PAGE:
SHALL we dance? Pose that question to Ramon Tikaram and the chances are that at this precise moment, you might get a knock back.
The star of The King And I, which previews at the Festival Theatre from tonight, has just finished a technical rehearsal and is preparing for the first of two dress rehearsals. It’s a nerve wracking time.
“For a technical rehearsal it went quite quickly and smoothly, although there are some issues with the polka in Shall We Dance? - I really have to fling my feet around to avoid stepping on the dress and decapitating my poor Anna,” he laughs.
For those unfamiliar with the Rodgers And Hammerstein classic, the musical tells the story of a British governess brought to the court of Siam to tutor the King’s many children.
Needless to say, what starts off as a testy relationship soon melts into romance as the pair’s mutual attraction surfaces.
It’s a tale most know from the 1956 movie version, starring Yul Brynner and Deborah Kerr.
“Like everybody else I had seen Yul Brynner’s version many years ago, but I wasn’t thoroughly au fait with the essence of the story,” admits Tikaram who, in his own words, is “completely exhausted.”
He explains, “We have just finished a technical run, we’ve got a dress rehearsal tonight, another tomorrow afternoon and then the first preview tomorrow evening.
“It all comes on really quickly. I don’t know why I get surprised every time I do theatre, but that’s just how it operates... you go straight from the tech into the dress into the performance.”
He adds, “I always suffer huge tiredness before dress rehearsals and in this show you can’t afford to be tired because from the start it’s like an express train, you can’t really get off.
“The minute you step on stage the adrenaline and fear kick in. It’s almost as if the slump in energy is your body and mind saying, ‘Right, better keep every single ounce of energy for the performance.”
A favourite with audiences, The King And I is now widely regarded as one of the greatest musicals of all time. Consequently it has been seen by millions around the world since it was first performed in 1951, and boasts an ever-green soundtrack that includes numbers such as Shall We Dance, I Whistle A Happy Tune, Hello Young Lovers and Getting To Know You.
Joining Tikaram in the current production as Anna is Josefina Gabrielle. Unlike many musical roles which are two dimensional, the King of Siam and his paramour are quite complex characters.
Tikaram, whose musical credits include Bombay Dreams and Judas in Jesus Christ Superstar, offers, “When I watched Yul Brynner’s film recently, I could see why he made the choices he made.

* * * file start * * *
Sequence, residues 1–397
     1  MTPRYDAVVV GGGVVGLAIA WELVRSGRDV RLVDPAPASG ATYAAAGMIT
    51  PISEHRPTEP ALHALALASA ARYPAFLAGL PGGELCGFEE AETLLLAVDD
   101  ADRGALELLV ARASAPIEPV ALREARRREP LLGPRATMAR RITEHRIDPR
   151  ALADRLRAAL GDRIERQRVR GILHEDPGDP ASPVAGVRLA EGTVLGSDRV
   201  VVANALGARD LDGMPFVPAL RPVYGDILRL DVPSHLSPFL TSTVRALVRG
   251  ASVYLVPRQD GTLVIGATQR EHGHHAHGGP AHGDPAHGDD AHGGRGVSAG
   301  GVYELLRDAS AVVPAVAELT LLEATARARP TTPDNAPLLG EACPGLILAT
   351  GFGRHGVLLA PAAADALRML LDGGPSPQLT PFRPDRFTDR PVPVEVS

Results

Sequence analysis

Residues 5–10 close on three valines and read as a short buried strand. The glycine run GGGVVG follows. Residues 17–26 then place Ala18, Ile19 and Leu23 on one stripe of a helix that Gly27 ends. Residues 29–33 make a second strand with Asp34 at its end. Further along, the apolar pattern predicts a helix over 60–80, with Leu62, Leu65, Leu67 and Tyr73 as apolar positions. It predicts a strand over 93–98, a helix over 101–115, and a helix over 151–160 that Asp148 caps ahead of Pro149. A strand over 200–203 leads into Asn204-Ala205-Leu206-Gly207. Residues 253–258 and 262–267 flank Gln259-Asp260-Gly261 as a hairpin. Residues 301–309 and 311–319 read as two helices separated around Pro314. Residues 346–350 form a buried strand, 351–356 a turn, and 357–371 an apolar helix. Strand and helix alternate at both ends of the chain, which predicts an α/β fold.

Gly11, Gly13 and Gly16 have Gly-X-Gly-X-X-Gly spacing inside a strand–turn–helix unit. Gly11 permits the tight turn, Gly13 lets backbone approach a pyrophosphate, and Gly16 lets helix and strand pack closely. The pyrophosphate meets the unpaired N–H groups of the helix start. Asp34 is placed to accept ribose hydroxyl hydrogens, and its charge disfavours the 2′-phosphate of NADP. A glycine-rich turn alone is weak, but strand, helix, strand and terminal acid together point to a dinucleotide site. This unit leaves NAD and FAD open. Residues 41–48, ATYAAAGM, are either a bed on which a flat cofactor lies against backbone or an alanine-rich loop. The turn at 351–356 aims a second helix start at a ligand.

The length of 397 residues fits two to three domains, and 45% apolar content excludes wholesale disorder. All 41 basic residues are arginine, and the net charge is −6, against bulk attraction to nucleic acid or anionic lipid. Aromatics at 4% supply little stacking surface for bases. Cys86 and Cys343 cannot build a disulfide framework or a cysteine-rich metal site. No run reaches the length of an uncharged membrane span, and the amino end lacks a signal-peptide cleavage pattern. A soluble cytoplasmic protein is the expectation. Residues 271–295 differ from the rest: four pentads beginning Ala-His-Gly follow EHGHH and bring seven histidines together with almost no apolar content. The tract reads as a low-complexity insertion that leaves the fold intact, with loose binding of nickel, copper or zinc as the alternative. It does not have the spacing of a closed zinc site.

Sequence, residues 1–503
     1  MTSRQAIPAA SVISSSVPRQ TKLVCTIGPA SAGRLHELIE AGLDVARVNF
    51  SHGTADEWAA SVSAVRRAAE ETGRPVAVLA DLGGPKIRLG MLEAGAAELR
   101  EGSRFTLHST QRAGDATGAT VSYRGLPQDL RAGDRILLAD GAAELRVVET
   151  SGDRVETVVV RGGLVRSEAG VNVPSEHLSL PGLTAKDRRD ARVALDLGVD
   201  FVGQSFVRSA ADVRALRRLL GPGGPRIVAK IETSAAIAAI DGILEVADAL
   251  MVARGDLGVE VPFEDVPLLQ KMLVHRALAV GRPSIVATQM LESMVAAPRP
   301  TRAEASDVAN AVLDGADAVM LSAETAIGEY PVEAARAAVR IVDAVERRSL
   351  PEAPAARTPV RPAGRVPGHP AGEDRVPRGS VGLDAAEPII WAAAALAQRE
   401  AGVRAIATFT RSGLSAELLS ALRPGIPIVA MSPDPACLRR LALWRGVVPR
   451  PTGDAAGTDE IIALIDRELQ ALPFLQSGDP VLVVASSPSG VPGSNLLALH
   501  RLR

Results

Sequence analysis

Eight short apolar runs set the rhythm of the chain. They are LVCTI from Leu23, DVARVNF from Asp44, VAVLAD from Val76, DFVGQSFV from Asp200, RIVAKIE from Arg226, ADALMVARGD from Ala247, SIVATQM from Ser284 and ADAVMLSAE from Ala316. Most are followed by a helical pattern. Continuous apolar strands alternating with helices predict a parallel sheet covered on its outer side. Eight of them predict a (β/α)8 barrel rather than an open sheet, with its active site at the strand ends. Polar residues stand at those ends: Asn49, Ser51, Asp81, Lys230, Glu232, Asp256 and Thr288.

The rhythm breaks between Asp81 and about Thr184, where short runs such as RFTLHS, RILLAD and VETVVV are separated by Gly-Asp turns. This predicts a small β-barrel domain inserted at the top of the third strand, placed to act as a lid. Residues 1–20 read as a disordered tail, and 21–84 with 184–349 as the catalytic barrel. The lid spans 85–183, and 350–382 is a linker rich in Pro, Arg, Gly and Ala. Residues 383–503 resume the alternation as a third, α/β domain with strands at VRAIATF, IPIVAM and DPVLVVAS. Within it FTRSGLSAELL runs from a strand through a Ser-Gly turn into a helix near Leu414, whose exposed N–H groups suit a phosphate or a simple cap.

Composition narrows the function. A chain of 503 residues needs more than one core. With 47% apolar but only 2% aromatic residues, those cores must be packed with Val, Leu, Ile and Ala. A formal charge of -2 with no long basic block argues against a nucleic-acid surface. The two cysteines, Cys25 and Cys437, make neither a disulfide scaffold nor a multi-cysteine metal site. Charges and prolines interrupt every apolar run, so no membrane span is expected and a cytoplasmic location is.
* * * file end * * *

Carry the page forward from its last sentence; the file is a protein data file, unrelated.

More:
“I am trying to make the choices that fit me, that feel real to me.
“There are moments in The King And I that are written to be played towards the audience, other moments are written for the actors to internalise the emotion. For example; the moment when the King has to decide whether or not to whip Tuptim is very much one of the actor’s moments, whereas when he is the library, talking about Moses, is very much a moment for the audience’s edification.
“So, as a role, it dips in and out of an actor’s comfort zone. That is what I find most difficult to negotiate.”
That said, it’s not the first time Tikaram, best known for TV roles such as Ferdy in This Life and Qadim in EastEnders, has encountered the King. Back in 2001 he was in discussions to play the role on London’s West End.
The 44-year-old recalls, “Many years ago I was brought into the London Palladium to potentially take over from Jason Scott Lee and play opposite Josie Lawrence.
“I’ve met Josie since and talked about this and it would have been hilarious because she is 6ft 1... and I’m not. So it would have been more hilarious than perhaps it should have been.
“At that time it was probably a good steer not to do it and we have now found an Anna that is more convenient for me to act opposite.”
Directed by Paul Kerryson, the action of the current production unfolds around giant gold Buddhas as the cast is joined by a chorus of local kids, acrobatic dancers and a ten-piece orchestra.
It’s a very different show to the one that first brought Tikaram to the Capital for his only previous visit.
“The last time I was in Edinburgh was in 1983 doing a student production of Tom Stoppard’s After Magritte, at the Hill Street Theatre. This is my first time back since and I’m looking forward to it..”
The King And I, Festival Theatre, Nicolson Street, until January 7, £17.50-£33, 0131-529 6000